We Must Start Investing in Demand Flexibility Today

This blog post was co-authored with my colleague Robert Harding, previous Schneider Fellow at NRDC and co-author of the study.

To stave off the worst effects of the climate crisis, we must urgently transition from polluting fossil fuels to emissions-free energy. Demand flexibility--shifting electricity consumption to coincide with times when electricity is clean and cheap--is quickly becoming a necessary pillar to achieving this transition alongside renewable energy, energy efficiency, and the electrification of our buildings and vehicles.

However, the widespread deployment of such “demand flexibility” still faces substantial challenges. Our new report published today, Use It When We Have It: How To Use More Clean Energy And Decarbonize The Grid With Demand Flexibility, examines the challenges facing demand flexibility programs and focuses on the technologies, policies, market mechanisms, and equity strategies that can enable demand flexibility for all communities, leading toward an equitable and affordable clean economy for everyone.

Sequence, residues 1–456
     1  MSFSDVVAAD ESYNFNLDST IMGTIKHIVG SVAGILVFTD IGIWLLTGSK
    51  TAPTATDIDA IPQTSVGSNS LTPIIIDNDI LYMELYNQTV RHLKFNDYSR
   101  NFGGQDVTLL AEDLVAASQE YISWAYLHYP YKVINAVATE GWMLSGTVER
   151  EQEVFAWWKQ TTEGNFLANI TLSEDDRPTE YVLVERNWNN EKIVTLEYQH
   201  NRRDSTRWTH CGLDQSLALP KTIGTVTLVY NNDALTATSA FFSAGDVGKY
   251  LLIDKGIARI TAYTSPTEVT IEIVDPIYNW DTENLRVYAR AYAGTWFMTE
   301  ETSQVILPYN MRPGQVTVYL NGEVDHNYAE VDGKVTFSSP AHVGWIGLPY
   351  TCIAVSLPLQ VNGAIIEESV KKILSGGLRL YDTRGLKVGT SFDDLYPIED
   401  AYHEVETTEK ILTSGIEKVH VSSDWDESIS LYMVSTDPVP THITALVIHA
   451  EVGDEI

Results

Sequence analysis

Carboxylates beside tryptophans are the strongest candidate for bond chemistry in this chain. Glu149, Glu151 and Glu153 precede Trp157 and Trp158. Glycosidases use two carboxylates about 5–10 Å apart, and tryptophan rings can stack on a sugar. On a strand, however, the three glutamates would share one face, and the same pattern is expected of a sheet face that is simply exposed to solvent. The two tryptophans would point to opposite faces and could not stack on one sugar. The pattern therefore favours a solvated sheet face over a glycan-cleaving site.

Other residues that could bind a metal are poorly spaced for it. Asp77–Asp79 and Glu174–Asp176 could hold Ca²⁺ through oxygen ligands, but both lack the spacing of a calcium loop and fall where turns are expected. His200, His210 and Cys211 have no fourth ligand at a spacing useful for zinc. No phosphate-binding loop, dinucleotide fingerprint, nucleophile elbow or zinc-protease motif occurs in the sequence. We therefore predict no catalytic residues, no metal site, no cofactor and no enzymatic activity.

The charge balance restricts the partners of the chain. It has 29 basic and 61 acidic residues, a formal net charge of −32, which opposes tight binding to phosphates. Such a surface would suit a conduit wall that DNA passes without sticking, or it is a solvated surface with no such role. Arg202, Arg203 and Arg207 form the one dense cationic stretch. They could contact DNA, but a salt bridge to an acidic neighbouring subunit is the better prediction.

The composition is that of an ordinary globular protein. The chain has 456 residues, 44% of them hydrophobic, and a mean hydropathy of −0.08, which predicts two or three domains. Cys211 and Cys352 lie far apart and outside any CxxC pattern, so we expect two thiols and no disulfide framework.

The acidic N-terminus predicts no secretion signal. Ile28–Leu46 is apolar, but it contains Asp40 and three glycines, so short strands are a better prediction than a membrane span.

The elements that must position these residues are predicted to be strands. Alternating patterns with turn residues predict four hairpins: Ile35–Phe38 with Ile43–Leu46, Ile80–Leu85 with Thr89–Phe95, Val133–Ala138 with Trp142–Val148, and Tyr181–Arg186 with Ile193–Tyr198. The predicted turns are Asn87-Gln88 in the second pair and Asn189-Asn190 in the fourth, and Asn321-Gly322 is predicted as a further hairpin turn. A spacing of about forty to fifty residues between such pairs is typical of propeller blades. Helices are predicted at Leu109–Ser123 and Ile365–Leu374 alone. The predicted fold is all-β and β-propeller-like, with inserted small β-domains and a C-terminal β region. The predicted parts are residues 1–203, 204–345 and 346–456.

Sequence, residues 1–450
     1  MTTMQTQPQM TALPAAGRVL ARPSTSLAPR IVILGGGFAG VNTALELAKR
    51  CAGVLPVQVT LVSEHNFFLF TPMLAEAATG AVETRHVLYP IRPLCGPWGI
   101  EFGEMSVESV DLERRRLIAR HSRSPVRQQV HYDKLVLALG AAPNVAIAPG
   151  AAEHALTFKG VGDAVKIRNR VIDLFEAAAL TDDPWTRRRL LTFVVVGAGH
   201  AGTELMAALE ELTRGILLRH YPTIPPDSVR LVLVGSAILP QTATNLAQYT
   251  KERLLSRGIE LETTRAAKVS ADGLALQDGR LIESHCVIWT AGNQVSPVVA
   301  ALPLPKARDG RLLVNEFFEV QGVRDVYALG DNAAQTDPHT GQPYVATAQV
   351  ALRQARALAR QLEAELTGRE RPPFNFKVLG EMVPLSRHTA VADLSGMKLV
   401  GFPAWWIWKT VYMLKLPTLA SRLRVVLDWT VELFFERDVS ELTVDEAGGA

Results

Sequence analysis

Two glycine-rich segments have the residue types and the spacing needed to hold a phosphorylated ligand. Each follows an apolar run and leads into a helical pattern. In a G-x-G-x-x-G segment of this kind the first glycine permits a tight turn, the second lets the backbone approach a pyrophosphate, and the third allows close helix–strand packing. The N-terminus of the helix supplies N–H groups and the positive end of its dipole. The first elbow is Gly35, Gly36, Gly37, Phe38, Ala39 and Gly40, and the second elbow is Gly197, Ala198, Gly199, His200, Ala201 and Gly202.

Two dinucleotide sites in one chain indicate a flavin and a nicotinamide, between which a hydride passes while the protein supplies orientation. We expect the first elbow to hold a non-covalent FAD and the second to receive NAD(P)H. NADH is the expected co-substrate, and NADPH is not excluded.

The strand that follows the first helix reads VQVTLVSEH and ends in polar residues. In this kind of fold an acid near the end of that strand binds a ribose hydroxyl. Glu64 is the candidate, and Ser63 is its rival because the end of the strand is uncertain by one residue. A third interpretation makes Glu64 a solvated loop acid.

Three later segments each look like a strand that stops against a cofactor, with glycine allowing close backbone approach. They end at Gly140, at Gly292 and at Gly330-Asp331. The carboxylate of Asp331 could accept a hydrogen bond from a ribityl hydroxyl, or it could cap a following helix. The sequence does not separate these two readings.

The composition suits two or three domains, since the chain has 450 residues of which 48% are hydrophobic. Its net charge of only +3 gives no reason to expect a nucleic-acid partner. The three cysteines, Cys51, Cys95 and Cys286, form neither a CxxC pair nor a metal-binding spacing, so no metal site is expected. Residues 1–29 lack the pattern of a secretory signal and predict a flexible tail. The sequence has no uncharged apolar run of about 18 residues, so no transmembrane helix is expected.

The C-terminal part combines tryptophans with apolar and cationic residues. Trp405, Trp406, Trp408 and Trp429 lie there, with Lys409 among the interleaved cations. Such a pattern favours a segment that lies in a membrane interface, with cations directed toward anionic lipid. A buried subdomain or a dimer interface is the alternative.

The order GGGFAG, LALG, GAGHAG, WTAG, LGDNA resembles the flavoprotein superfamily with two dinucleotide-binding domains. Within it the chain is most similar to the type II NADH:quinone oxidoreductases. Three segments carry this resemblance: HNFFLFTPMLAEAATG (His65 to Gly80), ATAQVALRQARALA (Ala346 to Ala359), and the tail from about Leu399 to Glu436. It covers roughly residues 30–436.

Credit: iStock/sl-f

How it works

Many electric devices in our homes—water heaters, heat pumps, chargers for electric vehicles (EVs), and in-home batteries—can be made “flexible” so that utilities can remotely modulate them up and down to meet customer energy needs (demand) based on the availability of low-cost electricity generated from emissions-free resources like wind and solar—often without us noticing,.

For example, a utility could remotely preheat water in a customer’s water heater or schedule an electric vehicle to be charged at night when wind energy is abundant and largely unused as opposed to daytime hours when demand on the grid could be high and electricity expensive. The water will be hot and the EV charged when the customer awakes.

Demand flexibility can deliver significant cost savings to customers by tapping into low-cost available power and by reducing the need to build expensive electricity generation and transmission infrastructure that increases everyone’s utility bills.

Experts at the Rocky Mountain Institute and the Brattle Group estimate that cost-effective demand flexibility programs could help increase our use of clean energy by 40 percent and avoid up to $15 billion in electricity system costs each year, by 2030. The savings are mainly driven by reduced electricity prices and avoided investments in generation capacity and electricity transmission and distribution infrastructure.